Why Am I Pleading Guilty If I Am Going Into Diversion?

When you are preparing to enter a plea, you may feel unsure about what your options are. If you have ever been to Court to pay a traffic ticket, you have likely heard of the three main pleas: guilty, not guilty, or nolo (or nolo contendre). But, depending on the status of your case, you may have another option of which you were not aware. In cases which are diversion-eligible, you may have the option to enter a Stinson plea. A Stinson plea is a guilty plea which is entered by the defendant, but may be withdrawn once certain special conditions are satisfied. This kind of plea came from the Georgia Supreme Court case, The State v. Stinson. In this case, the Court held that Georgia law allows a person to withdraw a guilty plea and plead not guilty “at any time before judgment is pronounced.”

This kind of plea can look very different from one case to another. For example, if you were charged with family violence battery, you may be able to enter your Stinson guilty plea, complete a Family Violence Intervention Program, complete an Anger Management Evaluation and any recommended treatment, and avoid drugs and/or alcohol for a period of time. If you were accused of misdemeanor marijuana possession, you may have to complete a drug and alcohol evaluation and participate in random drug screens. In both cases, Once you completed the terms of your “probation,” you would be able to withdraw your plea and the State will dismiss the charges. Once you complete the conditions and the charges are dismissed, your record will show that you were not prosecuted for the charges.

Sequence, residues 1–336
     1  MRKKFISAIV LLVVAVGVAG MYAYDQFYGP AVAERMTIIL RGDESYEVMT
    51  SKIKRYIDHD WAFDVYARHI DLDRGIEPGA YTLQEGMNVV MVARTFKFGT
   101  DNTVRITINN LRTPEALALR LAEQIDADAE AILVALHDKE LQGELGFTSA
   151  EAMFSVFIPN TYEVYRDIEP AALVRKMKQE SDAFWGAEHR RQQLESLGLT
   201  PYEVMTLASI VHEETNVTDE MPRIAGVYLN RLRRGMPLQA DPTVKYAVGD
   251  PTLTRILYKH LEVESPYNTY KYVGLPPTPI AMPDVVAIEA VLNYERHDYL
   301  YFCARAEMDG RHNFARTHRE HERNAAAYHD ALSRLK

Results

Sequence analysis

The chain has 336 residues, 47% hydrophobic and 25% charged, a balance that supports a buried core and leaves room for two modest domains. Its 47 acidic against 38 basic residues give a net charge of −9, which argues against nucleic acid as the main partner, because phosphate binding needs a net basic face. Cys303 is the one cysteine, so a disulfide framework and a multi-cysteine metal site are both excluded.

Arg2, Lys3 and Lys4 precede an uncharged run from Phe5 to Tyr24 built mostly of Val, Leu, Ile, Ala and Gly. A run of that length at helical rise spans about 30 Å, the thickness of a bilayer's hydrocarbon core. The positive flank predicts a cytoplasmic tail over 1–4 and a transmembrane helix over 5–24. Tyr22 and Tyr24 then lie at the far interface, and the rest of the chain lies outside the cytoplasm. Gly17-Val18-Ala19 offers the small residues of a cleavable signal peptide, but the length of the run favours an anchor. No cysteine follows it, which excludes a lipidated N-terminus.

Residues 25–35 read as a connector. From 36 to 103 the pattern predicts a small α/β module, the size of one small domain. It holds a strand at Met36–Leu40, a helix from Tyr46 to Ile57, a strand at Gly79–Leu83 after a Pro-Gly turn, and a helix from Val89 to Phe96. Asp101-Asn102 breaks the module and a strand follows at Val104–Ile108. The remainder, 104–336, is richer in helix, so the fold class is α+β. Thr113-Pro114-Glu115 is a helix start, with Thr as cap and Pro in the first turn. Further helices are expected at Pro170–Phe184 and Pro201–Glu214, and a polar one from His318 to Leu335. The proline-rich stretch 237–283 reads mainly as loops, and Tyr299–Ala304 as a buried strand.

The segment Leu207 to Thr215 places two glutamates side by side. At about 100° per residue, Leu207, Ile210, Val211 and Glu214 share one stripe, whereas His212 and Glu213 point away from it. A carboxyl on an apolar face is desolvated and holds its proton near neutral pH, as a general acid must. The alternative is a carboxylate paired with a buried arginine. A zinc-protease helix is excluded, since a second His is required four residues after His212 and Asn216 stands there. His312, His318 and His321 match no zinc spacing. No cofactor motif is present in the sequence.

If you have been charged with a crime, it is important to understand your options. We want to make sure you are educated and empowered throughout the criminal justice process. Give us a call at 404-581-0999. Written by Attorney Katherine A. Edmonds.